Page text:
Today I was amused by a bit of LinkedIn email.
Going through the morning online work, I spotted a piece of email from LinkedIn. Most of us are familiar with Facebook by now. Consider LinkedIn a Facebook for the Professional Set. If you have a career instead of a job, you need to be on there. The account that I use on there could be more effectively used, I am somewhat low on contacts. Since I'm so busy maintaining the presence of Wilton Manors Main Street on Facebook and their Blog and watching over that of New Divine Mercy Church on Facebook, their Blog, as well as my own blog here, I tend to take a passive outlook. If someone spots me, friends me, I accept, smile at the "good thoughts" and move on with a new relationship.
I don't usually search for people unless there is a reason. Once I found a whole wing of the family in Nebraska and another in Washington State, as well as being told of a branch that moved to Saskatchewan and set down roots.
This particular email was asking me if I knew some people. Specifically it was the Mayor of Wilton Manors and one of the Commissioners. Yep! I know them both, but since I don't tend to "bother" people without a good reason I chuckled and deleted the email.
We're all busy, right? Why bother people...
That got me thinking about the ability to use social media for online stalking. If the software knew that I should know the Mayor and the Commissioner and was right, what else does this online database know about us.
Privacy is done for. Actually that isn't completely true, you could always cut your credit cards and pay cash for everything. With the laws in place for health and other records in the United States, if that information got out about you, you could make a tidy sum suing the company that had an "accidental" breach of your personal information, many people have.
Online privacy is non-existent. As soon as someone posts their personal information on a website, and it is found by a search engine, you're public. May as well put it on a post-it or on one of those stickers that say "Hello, My Name Is" because it is that open. Email is a Post Card medium. It is sent out mostly unencrypted out to the world and anyone who wants to learn about you can find it with the right technology.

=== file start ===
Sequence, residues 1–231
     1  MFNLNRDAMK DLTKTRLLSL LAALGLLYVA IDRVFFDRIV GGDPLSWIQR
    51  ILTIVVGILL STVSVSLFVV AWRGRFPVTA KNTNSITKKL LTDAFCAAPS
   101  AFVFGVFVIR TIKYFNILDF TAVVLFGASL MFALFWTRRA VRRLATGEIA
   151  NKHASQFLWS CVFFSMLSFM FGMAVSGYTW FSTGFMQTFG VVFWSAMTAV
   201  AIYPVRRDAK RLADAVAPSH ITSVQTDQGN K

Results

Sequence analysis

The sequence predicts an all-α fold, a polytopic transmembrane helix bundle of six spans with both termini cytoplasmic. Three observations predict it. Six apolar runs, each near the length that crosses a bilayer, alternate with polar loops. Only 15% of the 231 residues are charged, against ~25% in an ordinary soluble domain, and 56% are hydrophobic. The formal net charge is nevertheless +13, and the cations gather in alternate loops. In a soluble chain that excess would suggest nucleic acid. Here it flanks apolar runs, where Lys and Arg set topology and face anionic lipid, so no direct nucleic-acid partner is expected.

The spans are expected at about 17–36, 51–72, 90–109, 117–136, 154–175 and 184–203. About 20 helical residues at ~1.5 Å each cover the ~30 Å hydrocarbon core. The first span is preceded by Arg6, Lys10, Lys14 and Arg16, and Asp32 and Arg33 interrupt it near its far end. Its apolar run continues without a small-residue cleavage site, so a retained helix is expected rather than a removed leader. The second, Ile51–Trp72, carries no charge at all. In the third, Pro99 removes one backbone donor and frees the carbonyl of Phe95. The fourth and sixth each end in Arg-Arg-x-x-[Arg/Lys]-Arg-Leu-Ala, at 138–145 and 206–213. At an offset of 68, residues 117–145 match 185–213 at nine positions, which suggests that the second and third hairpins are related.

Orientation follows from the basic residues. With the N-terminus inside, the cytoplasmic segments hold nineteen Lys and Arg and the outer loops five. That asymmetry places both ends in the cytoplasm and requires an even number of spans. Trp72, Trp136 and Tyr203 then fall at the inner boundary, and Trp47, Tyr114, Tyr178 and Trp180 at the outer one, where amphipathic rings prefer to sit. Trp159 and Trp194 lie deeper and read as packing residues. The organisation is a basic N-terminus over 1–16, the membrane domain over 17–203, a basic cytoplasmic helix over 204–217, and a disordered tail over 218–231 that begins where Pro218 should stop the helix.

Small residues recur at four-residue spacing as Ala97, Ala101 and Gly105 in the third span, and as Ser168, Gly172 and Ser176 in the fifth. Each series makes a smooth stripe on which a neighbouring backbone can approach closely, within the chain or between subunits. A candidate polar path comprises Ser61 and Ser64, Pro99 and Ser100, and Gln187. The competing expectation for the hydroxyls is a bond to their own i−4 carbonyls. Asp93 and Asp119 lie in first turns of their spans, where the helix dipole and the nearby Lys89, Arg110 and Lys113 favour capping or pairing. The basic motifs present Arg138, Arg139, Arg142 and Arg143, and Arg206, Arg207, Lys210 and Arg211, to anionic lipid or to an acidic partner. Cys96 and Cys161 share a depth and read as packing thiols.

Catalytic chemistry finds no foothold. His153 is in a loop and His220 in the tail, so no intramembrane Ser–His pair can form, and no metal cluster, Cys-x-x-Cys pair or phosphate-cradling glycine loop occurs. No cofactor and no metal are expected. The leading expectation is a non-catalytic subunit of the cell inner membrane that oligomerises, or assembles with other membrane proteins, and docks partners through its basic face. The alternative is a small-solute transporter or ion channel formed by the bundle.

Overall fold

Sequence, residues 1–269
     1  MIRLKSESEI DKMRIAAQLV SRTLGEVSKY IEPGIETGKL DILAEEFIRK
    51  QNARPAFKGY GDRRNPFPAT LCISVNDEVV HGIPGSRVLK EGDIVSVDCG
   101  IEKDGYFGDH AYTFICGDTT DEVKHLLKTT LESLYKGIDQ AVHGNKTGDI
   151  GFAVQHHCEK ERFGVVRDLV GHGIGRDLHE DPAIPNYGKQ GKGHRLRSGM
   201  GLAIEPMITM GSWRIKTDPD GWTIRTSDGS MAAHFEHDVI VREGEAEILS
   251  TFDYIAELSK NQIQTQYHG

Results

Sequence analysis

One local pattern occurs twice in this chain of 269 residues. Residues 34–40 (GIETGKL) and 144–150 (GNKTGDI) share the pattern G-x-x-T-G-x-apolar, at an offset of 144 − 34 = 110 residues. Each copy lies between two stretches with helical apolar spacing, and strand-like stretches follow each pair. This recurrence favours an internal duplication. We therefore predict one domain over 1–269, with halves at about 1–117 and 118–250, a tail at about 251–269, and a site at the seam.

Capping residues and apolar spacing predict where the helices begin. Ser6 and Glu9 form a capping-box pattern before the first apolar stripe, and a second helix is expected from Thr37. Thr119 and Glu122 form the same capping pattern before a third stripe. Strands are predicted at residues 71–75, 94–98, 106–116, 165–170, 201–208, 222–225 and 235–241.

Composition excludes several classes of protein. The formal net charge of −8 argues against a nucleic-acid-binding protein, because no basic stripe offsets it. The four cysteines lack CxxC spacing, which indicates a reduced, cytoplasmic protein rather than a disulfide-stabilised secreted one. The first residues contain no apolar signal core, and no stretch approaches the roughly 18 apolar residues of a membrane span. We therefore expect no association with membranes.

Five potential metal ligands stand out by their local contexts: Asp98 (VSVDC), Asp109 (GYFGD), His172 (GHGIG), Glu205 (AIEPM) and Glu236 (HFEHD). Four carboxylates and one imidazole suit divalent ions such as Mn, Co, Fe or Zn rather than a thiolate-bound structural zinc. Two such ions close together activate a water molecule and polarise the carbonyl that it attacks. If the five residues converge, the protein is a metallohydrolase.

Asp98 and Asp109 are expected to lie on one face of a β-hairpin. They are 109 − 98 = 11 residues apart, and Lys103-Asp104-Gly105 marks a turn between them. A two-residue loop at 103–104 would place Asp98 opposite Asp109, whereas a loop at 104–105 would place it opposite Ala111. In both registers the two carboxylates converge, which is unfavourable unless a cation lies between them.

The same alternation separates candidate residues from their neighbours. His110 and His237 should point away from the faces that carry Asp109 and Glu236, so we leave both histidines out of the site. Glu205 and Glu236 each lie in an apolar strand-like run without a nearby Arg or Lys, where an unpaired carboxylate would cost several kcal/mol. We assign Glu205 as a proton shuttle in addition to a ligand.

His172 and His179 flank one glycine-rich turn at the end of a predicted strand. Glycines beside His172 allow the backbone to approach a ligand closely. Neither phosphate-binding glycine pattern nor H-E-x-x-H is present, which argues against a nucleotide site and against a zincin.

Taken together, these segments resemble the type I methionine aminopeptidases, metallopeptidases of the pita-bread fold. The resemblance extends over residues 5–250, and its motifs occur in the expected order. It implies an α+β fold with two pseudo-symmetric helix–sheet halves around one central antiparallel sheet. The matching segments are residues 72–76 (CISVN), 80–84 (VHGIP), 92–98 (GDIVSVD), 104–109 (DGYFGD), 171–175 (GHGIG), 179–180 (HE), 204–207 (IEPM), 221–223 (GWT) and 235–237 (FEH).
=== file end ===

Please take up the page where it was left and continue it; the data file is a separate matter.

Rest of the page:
Sure there are secured Email sites for such people who work in the Health Care and Insurance Industries for example, but they are not used by "normal folk" like you and me.
So what can you do about it? Practically nothing these days. If you use an email that is free and advertisement based, then your information is already out there including your private thoughts. They aren't private, no matter what. This blog is public, it is scanned by all the search engines, and I do employ some Search Engine Optimization techniques to make sure that the articles I post aren't just read today. It also is hosted on Blogger which is a Google site. Google finds my posts and scans them and indexes them. That benefits me because it brings people in a wider audience than just my friends and family.
Now what happens to those databases? You tell me...
The indexes and databases of websites and emails and all the other detritus of our lives that are online are a very good representation of our personal thoughts. Go onto Facebook and like something and you establish a relationship. That relationship can be inconsequential when you "Like" Food. It could be something we consider positive when we Like our own nation or an allied nation. It could be negative when we like a hate group - find them on your own, I won't help you there.
The bottom line is that it builds a very good psychological description of an individual. This sort of thing has not gone unnoticed, and there are many people out there working in Social Networking and the analysis of the psychology of Social Networking. After all, you can sell this information or protect your country against people who are out to commit crimes simply by looking over their shoulders at what they say about themselves.
The best thing you can do is step back next time you see that email or the friendly "Like" button and consider what it says about you. After all, it is easier than trying to do it the Old School way. Who among us has actually written a physical paper letter to a company telling them how well they did lately? I know I haven't!
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